Votrient Overview

This is a summary of the European public assessment report (EPAR) for Votrient. It explains how the Committee for Medicinal Products for Human Use (CHMP) assessed the medicine to reach its opinion in favour of granting a marketing authorisation and its recommendations on the conditions of use for Votrient.

Treatment with Votrient should only be started by a doctor who has experience in giving anticancer medicines. The recommended dose is 800 mg once a day, but this may need to be reduced if the patient has side effects. Votrient should be taken with water but without food, at least one hour before or two hours after a meal.

In patients with moderate liver problems the dose should be reduced to 200 mg once a day. Votrient is not recommended in patients with severe liver problems.

The active substance in Votrient, pazopanib, is a protein-kinase inhibitor. This means that it blocks some specific enzymes known as protein kinases. These enzymes can be found in some receptors on the surface of cells that are involved in the growth and spread of cancer cells, such as ‘VEGFR’, ‘PDGFR’ and ‘KIT’. By blocking these enzymes, Votrient can reduce the growth and spread of the cancer.

Votrient was more effective than placebo at treating advanced renal-cell carcinoma. On average, the patients who took Votrient lived for 9.2 months without their disease getting worse, compared with 4.2 months for the patients who took placebo.

Votrient was also more effective than placebo at treating soft-tissue sarcoma. On average, the patients who took Votrient lived for 20 weeks without their disease getting worse, compared with seven weeks for the patients who took placebo.

The CHMP considered that Votrient has been shown to be an effective medicine for patients with advanced renal-cell carcinoma and soft-tissue sarcoma, with a clinically relevant improvement in progression-free survival. The safety profile of Votrient is considered acceptable and generally manageable. Therefore, the Committee decided that Votrient’s benefits are greater than its risks and recommended that it be given marketing authorisation.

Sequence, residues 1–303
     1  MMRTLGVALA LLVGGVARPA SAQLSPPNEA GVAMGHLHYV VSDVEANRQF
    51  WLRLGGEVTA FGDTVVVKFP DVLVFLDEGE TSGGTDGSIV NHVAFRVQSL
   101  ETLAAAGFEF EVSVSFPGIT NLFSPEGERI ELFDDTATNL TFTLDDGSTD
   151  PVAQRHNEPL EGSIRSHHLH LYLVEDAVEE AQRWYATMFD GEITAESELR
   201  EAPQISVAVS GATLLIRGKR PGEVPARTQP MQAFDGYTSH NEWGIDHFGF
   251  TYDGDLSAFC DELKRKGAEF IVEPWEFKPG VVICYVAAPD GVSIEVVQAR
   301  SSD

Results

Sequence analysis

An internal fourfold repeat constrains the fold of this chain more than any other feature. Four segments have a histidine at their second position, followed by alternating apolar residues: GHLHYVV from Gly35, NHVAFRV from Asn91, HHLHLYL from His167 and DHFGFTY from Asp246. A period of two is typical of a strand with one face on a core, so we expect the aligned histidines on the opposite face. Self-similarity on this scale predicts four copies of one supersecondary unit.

Votrient was originally given ‘conditional approval’ because there was more evidence to come about the medicine, in particular in the treatment of renal-cell carcinoma. As the company has supplied the additional information necessary, the authorisation has been switched from conditional to full approval.

The European Commission granted a conditional marketing authorisation valid throughout the European Union for Votrient on 14 June 2010. This was switched to a full marketing authorisation on 1 July 2013.

For more information about treatment with Votrient, read the package leaflet (also part of the EPAR) or contact your doctor or pharmacist.

What are the risks associated with Votrient?

The most common side effects with Votrient (seen in more than 1 patient in 10) include reduced appetite, dysgeusia (taste disturbances), hypertension (high blood pressure), diarrhoea, nausea (feeling sick), vomiting, pain, hair colour change, fatigue (tiredness), skin hypopigmentation (discolouration of the skin), exfoliative (flaky) rash, headache, stomatitis (inflammation of the lining of the mouth), decreased weight and increased blood levels of certain liver enzymes. For the full list of all side effects reported with Votrient.

Votrient must not be used in people who are hypersensitive (allergic) to pazopanib or any of the other ingredients.

Owner of copyright and other intellectual property rights to European Medicines Agency

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